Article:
“Mommy has gone on a trip and will be back to see them soon,” was all I could muster, and while I know they pretty much saw through me, somehow they had the grace to allow me to stick to my story until years later when we all filled in the missing pieces. Janice was the least outwardly effected by this, oh so significant transition in their lives. In fact, at the age of ten, she slipped right into the lead female role for the family, cooking and cleaning, and taking Jenni and Lawson to task on all their childhood indiscretions. She was so intent on making the home right for Daddy, she often locked them out of the house until just before I came home from work. And they were none-too-pleased with their surrogate Mom. The space between her and the other two widened a bit, and they clung more to one another to get through this period.

I jumped into the single parent role with vigor, attempting to fill my personal with any number of young ladies, most of whom proved not to be good for me or my children. There was one with some real promise; the kids really seemed to take to her. My response to all that was some kind of silly role-reversal-rebellion – I dumped her, married the wrong lady, dumped her met one of the loves of my life, second only to my present wife who has the unnatural ability to forgive me all of my fallibilities and will be with me to the end (this is a true statement that I add here for my own protection) – and attempted to introduce her to my family of three. Janice nailed it, nailed me for that matter with the simple question, “Dad, is she younger than me?” Point taken, but this marked another major transition in our relationship and the beginning of a transition with all three that I cherish to this day … the transition from them being my children, to them being my friends. I’d always learned a great deal from them, but only at that point was I able to admit it.

There was another transition early in this period, the most difficult of them all. Susan and her husband had bought some horse property in Oregon and were moving the 1,000 miles to enjoy a very different lifestyle than either had ever known. They wanted to take our children (my children!) with them, and they wanted my blessing. Blessing be damned, this papa bear was going to fight for his cubs. Somehow, by the grace that watches over us all, and before it truly got ugly by turning our children into a battlefield, we found the wisdom to ask them what they wanted. Janice answered for them all, and it went something like: “Well, we’ve lived with you for a while and it has been great. But I think I’d like to try living with Mom for a while. You can come up and visit anytime, and we’ll be down here on vacations and stuff.” Janice was really growing up, they all were. I was secure in the knowledge they loved their Dad; but at that point in her life, she really needed her Mom; Jenni wasn’t far behind. And Susan was ready to resume her role as full-time Mom. And so she did; and so they flourished.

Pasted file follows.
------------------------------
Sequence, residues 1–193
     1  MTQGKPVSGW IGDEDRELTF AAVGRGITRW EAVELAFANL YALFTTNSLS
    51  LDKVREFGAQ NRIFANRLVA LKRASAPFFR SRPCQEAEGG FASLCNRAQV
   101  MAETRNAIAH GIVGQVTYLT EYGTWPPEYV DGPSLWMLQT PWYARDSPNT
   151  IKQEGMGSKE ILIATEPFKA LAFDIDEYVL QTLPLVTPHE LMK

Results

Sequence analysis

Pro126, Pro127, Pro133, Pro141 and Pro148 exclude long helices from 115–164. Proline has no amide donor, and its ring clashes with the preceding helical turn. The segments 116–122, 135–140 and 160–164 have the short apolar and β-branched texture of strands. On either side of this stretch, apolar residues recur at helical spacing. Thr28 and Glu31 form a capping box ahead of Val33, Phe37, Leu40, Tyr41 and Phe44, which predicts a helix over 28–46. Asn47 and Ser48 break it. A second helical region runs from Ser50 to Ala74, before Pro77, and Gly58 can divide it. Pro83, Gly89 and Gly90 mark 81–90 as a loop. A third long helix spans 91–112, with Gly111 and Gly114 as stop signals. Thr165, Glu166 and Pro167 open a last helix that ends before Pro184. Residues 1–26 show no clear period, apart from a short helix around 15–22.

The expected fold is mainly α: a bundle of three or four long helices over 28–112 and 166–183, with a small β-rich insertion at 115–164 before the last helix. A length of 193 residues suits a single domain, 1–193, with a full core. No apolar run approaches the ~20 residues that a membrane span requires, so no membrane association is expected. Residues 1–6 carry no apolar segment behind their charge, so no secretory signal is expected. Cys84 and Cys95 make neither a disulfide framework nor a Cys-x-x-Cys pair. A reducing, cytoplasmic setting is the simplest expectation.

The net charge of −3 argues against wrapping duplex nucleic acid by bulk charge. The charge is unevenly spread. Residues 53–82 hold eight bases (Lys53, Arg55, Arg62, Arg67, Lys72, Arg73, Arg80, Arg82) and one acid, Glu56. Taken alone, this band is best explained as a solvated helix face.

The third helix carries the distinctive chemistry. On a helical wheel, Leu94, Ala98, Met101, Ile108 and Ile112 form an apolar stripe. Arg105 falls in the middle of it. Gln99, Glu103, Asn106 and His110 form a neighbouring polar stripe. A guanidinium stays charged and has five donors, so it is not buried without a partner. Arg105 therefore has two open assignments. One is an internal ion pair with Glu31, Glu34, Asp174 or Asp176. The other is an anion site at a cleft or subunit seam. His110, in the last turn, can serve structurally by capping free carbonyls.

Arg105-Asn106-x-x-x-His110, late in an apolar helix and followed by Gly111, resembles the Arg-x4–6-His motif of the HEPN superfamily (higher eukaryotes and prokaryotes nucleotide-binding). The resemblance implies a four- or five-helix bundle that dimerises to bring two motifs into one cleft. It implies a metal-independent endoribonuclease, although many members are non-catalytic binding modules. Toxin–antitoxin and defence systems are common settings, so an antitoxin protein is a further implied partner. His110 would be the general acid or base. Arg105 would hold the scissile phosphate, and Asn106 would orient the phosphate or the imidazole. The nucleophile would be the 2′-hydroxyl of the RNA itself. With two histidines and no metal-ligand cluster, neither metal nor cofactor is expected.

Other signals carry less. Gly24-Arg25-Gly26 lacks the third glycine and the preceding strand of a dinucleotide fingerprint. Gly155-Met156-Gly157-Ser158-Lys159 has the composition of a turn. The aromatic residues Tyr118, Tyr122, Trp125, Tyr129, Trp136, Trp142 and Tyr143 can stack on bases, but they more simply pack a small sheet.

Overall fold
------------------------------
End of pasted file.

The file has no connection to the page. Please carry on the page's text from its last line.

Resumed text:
Janice had many interests, but there were two that occupied the top strata in her internal hierarchy of importance. She loved horses and cars, primarily high-performance cars – with one notable exception. When she turned sixteen I bought her a brand new, candy-apple red Honda Civic so she could drive herself the twenty miles or so to school. To me it was necessary transportation, but to her it ranked right up there with the Lamborghinis and Ferraris she later came to worship. At the time they were living on some horse acreage just outside of Portland, Oregon; a climate that probably sees more rainy days than dry. Yet for a span of more than three years, virtually every day she owned that Honda, she would get up early in the morning, put a heavy overcoat on over her nightgown, pull on her boots and go out to clean that Honda inside and out, just before she fed the horses. Twice a month, perhaps more often, she would also clean the engine. After three years, the car was pristine, more so than the day I bought it for her, and she ultimately sold it for considerably more than I paid for it.